That’s because AI is constrained by the datasets it has access to. While you could, in theory, consult a generative AI tool for analysis of aspects of a legal matter, it would lack the context required to provide independently actionable advice, such as the strategic priorities and risk appetite of your business. In other words, AI falls short in matching the specialized knowledge and contextual understanding of an attorney—backed by their years of education and experience.

While we’re on the topic of consulting genAI tools on sensitive aspects of your legal work, it’s important to consider the data security measures of the AI tools you use. Open-source systems like ChatGPT use the inputs you provide to train their models, so make sure you never share confidential information with these general-purpose AI tools.

Legal AI Functionality in Action

We’ve established a basic understanding of what AI’s core functionalities are, as well as what the technology does (and doesn’t) excel at. Now let’s look at some concrete examples of how legal teams can effectively apply a legal AI tool to their workflows.

Examples of Machine Learning Use Cases for Legal

Machine learning really shines when it comes to the recurring, high-volume tasks that legal teams usually dread the most.

An AI-backed platform like Brightflag, for example, uses machine learning to review legal invoices and correctly apply billing codes to each line item. These billing codes can then be checked against your outside counsel guidelines in the software, and any violations can be flagged for review (and even auto-rejected) without your attorneys needing to lift a finger.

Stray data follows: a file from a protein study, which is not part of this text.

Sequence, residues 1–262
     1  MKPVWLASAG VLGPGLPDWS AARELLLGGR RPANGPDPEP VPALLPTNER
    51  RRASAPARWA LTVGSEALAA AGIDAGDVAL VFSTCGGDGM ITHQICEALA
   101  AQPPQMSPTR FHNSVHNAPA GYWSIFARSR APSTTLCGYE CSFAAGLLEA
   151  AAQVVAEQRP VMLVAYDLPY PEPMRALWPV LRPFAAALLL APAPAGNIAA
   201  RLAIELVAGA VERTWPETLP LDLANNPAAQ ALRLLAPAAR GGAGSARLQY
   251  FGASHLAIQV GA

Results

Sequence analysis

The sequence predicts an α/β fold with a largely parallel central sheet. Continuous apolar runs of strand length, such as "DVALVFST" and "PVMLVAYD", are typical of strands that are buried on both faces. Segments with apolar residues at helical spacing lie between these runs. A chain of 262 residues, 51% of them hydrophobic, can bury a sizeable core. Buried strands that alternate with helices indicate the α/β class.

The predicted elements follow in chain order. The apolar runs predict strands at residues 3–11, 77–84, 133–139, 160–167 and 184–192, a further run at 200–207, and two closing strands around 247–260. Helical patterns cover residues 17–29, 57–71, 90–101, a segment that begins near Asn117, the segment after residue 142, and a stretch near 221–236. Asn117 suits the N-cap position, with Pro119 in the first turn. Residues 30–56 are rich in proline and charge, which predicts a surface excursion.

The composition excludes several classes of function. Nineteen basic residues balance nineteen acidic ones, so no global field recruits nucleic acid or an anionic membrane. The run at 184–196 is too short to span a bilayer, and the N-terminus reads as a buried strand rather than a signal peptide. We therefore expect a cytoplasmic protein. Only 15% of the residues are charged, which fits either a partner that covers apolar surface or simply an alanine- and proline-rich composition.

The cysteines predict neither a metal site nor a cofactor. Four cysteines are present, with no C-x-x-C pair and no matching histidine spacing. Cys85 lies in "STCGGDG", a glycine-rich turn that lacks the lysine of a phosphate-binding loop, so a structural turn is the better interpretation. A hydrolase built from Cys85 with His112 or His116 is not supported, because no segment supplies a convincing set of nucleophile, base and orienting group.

Zillow's Mark Allen explains how AI-backed invoice review has saved his team time and money.

Machine learning can serve a similar purpose when it comes to contract review and redlining. With the help of machine learning, inconsistent contract language or terms that aren’t compliant with regulations can be quickly identified and highlighted during the contract review process. This means attorneys spend less time poring over a document to flag potential issues, and more time strategizing on how those issues can best be resolved.

Examples of Generative AI Use Cases for Legal

As we mentioned earlier, generative AI excels at producing content and quickly completing high-volume, analytical tasks.

Generative AI also holds potential advantages for legal invoice review. With the power of generative AI, hundreds of invoice line items could be condensed into a short paragraph summary of what work was completed, by which timekeepers, over what period of time—and whether the work was compliant with outside counsel guidelines. The tedious work of sifting through billing details manually would disappear.